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Biden, Dems are good for this tax shelter

The popping of Champagne corks can doubtless be heard clear across Naples, Florida, during the pre-dinner cocktail hour—which, down there, is probably around 2 in the afternoon.

Rich retirees—in Naples and elsewhere—are enjoying a windfall this year on their favorite tax dodge, municipal bonds.

Those are bonds, or IOUs, issued by states, cities and towns (as well as some semi-public institutions such as hospitals).

Muni bond prices have risen, even as taxable bonds have slumped, and it’s all thanks to Washington.

It’s not just because of President Biden’s plan to hike taxes on the better heeled, which make tax-exempt bonds more appealing.

But, more important, it’s because of the unprecedented money tsunami pouring out from Washington, D.C. to America’s cities and towns.

Total aid to states, cities, counties and towns in the American Rescue Plan Act of 2021 passed in March comes to about $330 billion.

That was way more than the amount of revenues they actually lost during the pandemic, argues Craig Brandon, co-director of municipal bond investments at Boston money manager Eaton Vance. As a result, he says, “Some of the small towns and cities we talk to, they don’t know what to do with the money. They just don’t know what to spend it on.”

Lucky them. It means that hardly anyone is worrying any more about the risk that municipalities might default. Even places like debt-riddled Illinois seem much safer bets.

Uncle Sam, it seems, will provide. (By “Uncle Sam,” of course, we mean the Federal Reserve, “millionaires and billionaires,” or lots working stiffs paying taxes, depending on whom you ask.)

Bonds are like seesaws. When the “yield” or interest rate falls, the price rises. And vice versa.

So the prices of riskier “high yield” muni bonds have risen even more than that of safer bonds. If you want to see what’s going on look no further than the Eaton Vance National Municipal Opportunities Trust EOT, -0.04%, a closed-end fund that holds a lot of higher-yield muni bonds. It’s so in demand right now that the shares trade for more than the net asset value of the trust’s assets. (Usually closed-end funds, a kind of mutual fund that trades on the stock market, trade for significantly less than the value of their net assets).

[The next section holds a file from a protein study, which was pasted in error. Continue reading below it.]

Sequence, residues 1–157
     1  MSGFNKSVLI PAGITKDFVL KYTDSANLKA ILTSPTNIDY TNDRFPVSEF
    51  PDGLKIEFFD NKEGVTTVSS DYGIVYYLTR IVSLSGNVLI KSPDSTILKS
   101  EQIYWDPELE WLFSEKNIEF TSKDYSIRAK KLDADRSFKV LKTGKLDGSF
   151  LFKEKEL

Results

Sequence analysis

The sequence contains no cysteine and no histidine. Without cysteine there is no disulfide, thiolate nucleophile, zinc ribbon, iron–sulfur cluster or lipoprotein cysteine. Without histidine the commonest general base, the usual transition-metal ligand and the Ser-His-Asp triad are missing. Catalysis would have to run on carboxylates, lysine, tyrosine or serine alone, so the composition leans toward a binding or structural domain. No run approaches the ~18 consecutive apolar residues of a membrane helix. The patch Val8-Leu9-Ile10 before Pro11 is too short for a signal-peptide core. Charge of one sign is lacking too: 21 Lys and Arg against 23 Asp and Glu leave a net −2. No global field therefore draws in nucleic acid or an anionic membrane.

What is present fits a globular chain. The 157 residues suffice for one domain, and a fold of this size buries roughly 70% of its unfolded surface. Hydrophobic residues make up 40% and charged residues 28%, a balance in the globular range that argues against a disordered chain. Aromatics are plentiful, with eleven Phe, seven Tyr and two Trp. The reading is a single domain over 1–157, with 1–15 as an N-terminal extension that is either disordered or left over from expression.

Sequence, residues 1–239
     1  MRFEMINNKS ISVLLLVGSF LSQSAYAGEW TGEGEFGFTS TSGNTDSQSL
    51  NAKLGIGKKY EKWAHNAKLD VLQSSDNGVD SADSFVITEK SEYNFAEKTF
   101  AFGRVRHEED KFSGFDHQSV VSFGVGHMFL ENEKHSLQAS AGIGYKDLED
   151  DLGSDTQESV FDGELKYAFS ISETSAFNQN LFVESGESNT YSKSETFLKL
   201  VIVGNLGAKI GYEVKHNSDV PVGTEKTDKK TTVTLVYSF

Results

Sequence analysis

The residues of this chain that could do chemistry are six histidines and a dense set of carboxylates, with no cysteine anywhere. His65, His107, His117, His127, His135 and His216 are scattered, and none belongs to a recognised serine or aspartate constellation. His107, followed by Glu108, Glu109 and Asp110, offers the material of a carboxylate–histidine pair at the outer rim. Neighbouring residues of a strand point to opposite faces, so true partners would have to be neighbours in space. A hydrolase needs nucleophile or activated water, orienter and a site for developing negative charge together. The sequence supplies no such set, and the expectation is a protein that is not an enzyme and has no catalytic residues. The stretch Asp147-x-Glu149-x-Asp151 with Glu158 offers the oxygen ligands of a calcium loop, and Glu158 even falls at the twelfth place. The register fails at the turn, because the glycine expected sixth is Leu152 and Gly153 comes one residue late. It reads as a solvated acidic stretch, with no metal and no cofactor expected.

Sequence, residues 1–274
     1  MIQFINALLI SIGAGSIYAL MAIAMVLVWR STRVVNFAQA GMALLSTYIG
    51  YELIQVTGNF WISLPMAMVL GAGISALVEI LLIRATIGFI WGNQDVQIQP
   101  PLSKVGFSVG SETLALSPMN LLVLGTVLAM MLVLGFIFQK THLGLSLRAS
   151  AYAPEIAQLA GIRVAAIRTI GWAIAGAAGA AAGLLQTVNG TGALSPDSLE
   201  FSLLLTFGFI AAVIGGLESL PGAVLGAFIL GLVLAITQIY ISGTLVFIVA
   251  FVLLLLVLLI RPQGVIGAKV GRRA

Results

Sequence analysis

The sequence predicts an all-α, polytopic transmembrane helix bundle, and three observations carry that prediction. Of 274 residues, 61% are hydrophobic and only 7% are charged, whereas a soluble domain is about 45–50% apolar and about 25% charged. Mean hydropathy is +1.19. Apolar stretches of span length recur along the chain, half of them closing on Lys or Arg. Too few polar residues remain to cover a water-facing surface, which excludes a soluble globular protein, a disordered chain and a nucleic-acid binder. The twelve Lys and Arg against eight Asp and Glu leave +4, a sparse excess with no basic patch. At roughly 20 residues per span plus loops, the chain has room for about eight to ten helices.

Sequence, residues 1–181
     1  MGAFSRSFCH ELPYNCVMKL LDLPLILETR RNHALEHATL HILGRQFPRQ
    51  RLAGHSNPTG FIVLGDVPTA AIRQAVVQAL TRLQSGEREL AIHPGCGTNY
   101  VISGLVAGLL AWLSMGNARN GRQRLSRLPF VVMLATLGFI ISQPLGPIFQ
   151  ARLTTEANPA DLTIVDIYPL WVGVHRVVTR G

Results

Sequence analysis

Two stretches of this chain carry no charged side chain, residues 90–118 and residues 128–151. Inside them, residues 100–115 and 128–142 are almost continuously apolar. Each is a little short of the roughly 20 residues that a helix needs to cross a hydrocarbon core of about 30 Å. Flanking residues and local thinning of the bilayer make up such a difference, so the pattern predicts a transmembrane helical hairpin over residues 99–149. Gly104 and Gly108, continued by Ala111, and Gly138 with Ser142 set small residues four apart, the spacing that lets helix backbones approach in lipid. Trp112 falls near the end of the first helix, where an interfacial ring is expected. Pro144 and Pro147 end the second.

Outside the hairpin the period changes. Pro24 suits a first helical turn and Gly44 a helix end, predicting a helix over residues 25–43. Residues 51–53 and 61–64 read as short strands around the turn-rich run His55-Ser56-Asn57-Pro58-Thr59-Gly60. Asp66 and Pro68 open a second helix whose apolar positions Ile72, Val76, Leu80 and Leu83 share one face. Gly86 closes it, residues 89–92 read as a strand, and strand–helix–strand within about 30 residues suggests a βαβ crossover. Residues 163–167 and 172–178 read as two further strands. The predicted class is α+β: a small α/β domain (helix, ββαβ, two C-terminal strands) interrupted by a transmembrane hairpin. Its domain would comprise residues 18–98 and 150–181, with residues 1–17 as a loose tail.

Thanks to the boom, there aren’t even enough muni bonds to go around. New bond issues are typically 20 times oversubscribed.

The net result? Muni bonds are doing so well now, compared to taxable bonds, that in many cases it no longer makes as much sense for taxable investors to keep buying them.

Five year AAA-rated muni bonds are now paying barely half the interest of five year Treasury bonds. Among 10 year bonds, AAA-rated munis are paying less than two-thirds of the interest of Treasury bonds.

These are historic lows, Brandon reports.

It means that even a high earner paying President Biden’s proposed 40% top rate of income tax could end up better off in a taxable Treasury or corporate bond than a muni. There again, people who live in New York or California, where the proposed top rates of federal, state and in some cases city tax could take more than 50 cents on the dollar, may still be better off in munis.

The higher the taxes, and the more the federal spending, the more the demand for munis. So the price goes up, the interest rate goes down, and it becomes cheaper and cheaper for cities and states to borrow more money. What could possibly go wrong?

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